In a significant decision, the Supreme Court Wednesday directed all States and Union Territories (UTs) to ensure that CCTV cameras are installed in each and every police station.
A three-judge bench led by Justice Rohinton F Nariman asserted that it was imperative to ensure that CCTV cameras were installed at all entry and exit points, the main gate of the police station, all lock-ups, corridors, lobby and reception area, verandas and outhouses, the inspector’s room, sub-inspector’s room, areas outside the lock-up room, station hall, in front of the police station compound, outside (not inside) washrooms and toilets, duty officer’s room, behind the police station etc.
The bench also directed the Central Government to install CCTV cameras and recording equipment in the offices of Central Bureau of Investigation (CBI), National Investigation Agency (NIA), Enforcement Directorate (ED), Narcotics Control Bureau (NCB), Department of Revenue Intelligence (DRI), Serious Fraud Investigation Office (SFIO) and any other agency that carries out interrogations and has the power of arrest.
“As most of these agencies carry out interrogation in their office(s), CCTVs shall be compulsorily installed in all offices where such interrogation and holding of accused takes place in the same manner as it would in a police station,” the bench, which also comprised Justices Aniruddha Bose and KM Joseph said.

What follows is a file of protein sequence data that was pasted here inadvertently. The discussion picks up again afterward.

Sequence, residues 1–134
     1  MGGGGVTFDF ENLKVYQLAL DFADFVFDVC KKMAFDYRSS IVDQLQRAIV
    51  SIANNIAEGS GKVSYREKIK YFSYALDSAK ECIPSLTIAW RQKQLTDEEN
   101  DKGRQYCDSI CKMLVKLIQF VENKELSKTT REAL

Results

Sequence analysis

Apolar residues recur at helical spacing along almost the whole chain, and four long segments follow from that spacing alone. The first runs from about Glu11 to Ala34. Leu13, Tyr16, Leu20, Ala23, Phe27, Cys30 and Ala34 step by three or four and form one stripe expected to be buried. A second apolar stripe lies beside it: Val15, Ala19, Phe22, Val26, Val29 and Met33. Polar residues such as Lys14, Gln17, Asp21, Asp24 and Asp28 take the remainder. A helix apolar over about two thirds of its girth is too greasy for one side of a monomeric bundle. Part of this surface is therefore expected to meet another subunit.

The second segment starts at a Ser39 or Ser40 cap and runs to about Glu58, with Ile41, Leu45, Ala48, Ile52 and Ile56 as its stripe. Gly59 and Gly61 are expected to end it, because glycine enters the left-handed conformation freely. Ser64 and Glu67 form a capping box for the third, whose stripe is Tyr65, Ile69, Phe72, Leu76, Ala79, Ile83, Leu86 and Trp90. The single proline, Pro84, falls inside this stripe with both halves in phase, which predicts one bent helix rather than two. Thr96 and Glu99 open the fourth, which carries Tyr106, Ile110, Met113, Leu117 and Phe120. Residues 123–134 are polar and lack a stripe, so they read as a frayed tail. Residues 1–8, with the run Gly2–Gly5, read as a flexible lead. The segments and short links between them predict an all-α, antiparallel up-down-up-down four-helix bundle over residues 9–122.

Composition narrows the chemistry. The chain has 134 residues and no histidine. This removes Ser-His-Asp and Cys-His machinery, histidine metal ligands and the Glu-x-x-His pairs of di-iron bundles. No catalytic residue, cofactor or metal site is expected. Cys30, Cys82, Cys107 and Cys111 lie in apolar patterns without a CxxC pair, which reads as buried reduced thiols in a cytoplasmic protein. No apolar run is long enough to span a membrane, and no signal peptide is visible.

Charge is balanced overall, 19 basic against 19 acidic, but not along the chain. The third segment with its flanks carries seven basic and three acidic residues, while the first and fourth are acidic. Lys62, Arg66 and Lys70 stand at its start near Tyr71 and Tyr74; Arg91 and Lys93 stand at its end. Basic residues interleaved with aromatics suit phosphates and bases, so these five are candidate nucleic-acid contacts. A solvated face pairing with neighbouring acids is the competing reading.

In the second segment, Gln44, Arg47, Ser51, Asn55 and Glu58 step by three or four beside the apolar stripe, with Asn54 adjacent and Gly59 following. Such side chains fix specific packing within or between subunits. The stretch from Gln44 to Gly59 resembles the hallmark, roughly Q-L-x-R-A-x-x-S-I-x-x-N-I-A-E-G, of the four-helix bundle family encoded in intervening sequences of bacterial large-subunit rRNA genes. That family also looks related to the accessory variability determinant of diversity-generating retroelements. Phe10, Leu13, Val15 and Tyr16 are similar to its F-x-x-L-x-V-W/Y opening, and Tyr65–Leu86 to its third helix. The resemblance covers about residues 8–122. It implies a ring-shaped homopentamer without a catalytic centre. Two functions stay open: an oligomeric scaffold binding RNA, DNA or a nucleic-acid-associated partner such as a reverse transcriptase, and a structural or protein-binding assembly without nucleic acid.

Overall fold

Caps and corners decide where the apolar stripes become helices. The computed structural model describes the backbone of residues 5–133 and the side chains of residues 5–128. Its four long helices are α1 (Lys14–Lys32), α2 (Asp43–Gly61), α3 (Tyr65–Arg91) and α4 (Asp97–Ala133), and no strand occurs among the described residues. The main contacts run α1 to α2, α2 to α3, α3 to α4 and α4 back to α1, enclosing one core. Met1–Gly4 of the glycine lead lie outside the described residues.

It said the CCTV systems that had to be installed must be equipped with night vision and must necessarily consist of audio as well as video footage.
In areas in which there is either no electricity and/or internet, it will be the duty of the States and Union Territories to provide the same as expeditiously as possible using any mode of providing electricity, including solar or wind power, the bench ruled.
The internet systems, the bench said, that are provided must also be systems which provide clear image resolutions and audio.
The duty and responsibility for the working, maintenance and recording of CCTVs will be that of the SHO of the police station concerned, the court directed.
In addition, the bench directed that the State Level Oversight Committee (SLOC) and the Central Oversight Body (COB), as the case may be, would give directions to all police stations, investigative and enforcement agencies to prominently display at the entrance and inside the police stations and offices of investigative and enforcement agencies information about the coverage of the concerned premises by CCTV. The court clarified that large posters in English, Hindi and vernacular language would do this.
The poster would also mention clearly that a person had a right to complain about human rights violations to the National/State Human Rights Commission, Human Rights Court or the Superintendent of Police or any other authority empowered to take cognizance of an offence, the court directed.
It also made it clear that the posters would also mention that CCTV footage would be preserved for a certain minimum time period, which would not be less than six months, and that the victim had a right to have the same secured in the event of violation of his human rights.
The Court also called for a compliance report within six weeks from the Principal Secretary/Cabinet Secretary/Home Secretary of each State/Union Territory giving it a firm action plan with exact timelines for compliance with its order.